WASHINGTON (AP) — The Latest on the GOP effort to repeal former President Barack Obama's health care law (all times local):
A bipartisan attempt at shoring up the Affordable Care Act is officially over in the Senate.
The development comes as the GOP has revived its partisan attack on "Obamacare," with Senate leaders and President Donald Trump pushing repeal and replace legislation.
GOP Sen. Lamar Alexander, who chairs the Senate's health committee and had been working with top committee Democrat Patty Murray, says in a statement that they "have not found the necessary consensus among Republicans and Democrats."
But Murray disputed that, alleging GOP leaders "decided to freeze this bipartisan approach."
Alexander and Murray had been aiming for a limited short-term plan to stabilize insurance premiums.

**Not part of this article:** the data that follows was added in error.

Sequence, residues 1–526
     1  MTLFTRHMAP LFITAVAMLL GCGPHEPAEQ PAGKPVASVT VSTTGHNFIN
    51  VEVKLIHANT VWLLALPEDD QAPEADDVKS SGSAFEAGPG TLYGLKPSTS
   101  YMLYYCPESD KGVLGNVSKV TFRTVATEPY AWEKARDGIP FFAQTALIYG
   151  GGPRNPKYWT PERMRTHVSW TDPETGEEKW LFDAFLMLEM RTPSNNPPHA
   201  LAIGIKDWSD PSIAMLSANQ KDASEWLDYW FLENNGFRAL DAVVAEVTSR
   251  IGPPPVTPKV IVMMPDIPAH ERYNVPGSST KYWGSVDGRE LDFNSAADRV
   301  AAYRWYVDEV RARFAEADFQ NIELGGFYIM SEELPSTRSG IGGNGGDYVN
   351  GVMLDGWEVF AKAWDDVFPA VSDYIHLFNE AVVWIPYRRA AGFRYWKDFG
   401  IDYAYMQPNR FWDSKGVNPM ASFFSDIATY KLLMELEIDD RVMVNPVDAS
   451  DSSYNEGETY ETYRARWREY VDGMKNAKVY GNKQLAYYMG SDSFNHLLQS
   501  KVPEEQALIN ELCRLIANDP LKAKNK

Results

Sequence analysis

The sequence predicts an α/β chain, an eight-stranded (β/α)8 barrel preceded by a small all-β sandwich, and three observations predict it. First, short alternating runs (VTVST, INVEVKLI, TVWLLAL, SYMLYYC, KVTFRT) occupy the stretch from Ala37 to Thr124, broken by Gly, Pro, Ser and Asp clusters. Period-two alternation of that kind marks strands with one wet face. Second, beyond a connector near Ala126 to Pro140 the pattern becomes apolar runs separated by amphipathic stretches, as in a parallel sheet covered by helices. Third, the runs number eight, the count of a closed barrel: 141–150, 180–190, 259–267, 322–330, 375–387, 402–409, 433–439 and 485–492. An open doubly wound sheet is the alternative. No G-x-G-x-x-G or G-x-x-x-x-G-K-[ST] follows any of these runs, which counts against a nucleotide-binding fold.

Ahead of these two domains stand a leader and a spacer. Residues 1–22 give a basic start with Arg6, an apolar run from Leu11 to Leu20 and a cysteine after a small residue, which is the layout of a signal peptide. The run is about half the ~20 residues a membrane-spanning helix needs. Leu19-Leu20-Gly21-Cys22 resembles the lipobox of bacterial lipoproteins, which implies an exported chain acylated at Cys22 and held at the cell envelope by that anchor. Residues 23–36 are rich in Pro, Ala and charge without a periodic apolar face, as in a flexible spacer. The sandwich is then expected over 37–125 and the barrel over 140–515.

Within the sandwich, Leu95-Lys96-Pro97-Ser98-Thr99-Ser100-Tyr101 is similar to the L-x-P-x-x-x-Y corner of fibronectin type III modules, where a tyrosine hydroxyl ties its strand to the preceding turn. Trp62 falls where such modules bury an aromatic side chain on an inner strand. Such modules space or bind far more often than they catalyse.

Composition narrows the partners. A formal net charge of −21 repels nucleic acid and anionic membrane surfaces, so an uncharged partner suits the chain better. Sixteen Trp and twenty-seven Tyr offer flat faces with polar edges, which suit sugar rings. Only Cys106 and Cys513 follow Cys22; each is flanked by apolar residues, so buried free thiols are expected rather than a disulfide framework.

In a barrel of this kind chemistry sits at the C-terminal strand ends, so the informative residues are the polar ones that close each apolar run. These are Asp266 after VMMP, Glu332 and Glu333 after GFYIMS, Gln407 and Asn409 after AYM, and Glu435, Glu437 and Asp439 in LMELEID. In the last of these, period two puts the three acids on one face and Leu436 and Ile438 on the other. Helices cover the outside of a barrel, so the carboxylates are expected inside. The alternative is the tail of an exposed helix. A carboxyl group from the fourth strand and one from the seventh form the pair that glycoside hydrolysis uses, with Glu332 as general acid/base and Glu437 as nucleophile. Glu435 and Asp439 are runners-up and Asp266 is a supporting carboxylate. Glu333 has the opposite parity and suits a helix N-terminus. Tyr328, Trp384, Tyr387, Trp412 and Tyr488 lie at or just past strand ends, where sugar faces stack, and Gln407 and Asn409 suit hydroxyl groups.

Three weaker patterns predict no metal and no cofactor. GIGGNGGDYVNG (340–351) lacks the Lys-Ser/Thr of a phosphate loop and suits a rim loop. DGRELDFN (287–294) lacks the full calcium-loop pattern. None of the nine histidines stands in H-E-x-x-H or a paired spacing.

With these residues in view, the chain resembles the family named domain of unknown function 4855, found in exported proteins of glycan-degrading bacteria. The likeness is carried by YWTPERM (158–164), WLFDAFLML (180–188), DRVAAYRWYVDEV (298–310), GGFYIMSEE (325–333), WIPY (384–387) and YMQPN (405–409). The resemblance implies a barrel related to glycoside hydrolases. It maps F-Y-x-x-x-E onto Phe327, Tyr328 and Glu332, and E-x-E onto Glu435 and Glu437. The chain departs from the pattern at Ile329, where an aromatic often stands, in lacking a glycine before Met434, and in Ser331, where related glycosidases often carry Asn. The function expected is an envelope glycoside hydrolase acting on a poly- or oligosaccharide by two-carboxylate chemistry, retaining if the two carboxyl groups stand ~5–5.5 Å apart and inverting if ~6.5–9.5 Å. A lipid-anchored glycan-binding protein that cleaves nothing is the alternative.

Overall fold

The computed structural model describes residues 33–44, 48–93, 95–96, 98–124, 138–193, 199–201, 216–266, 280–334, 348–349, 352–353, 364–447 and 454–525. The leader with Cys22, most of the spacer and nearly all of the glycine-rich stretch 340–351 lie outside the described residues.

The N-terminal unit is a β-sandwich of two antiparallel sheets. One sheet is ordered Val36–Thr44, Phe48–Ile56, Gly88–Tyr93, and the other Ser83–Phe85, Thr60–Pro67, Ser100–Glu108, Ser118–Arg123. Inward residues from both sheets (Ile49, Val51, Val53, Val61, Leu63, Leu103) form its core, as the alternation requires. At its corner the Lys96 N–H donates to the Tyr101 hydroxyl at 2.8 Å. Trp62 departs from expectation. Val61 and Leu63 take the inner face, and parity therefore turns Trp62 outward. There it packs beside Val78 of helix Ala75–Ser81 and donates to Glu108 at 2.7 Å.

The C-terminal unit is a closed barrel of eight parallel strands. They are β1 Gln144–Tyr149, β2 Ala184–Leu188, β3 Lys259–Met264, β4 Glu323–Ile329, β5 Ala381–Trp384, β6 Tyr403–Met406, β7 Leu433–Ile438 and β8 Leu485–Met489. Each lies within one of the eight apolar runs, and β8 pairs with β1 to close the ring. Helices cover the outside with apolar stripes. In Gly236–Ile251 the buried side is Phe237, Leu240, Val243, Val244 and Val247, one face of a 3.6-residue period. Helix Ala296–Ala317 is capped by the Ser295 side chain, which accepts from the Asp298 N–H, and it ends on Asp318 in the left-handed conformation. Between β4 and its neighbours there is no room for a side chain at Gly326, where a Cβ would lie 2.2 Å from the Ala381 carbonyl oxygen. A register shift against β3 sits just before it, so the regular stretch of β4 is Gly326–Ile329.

But passage through the House or the Senate would have been an uphill struggle, since most Republicans want to repeal "Obamacare," not improve it.
Fifteen Republican governors are lining up behind the Senate GOP effort to turn much of President Barack Obama's health care law into block grants that states could spend as they wish.
The governors wrote a letter to lawmakers Tuesday saying they "appreciate" the bill by GOP Sens. Bill Cassidy and Lindsey Graham. The White House and Republican leaders hope the Senate will approve the measure next week as the GOP tries reviving its effort to repeal Obama's 2010 law.
The letter came after 10 governors from both parties wrote separately to senators rejecting that bill and calling for a bipartisan health care drive.
The GOP governors said "adequately funded" federal grants to states "are the last, best hope" to replace Obama's law.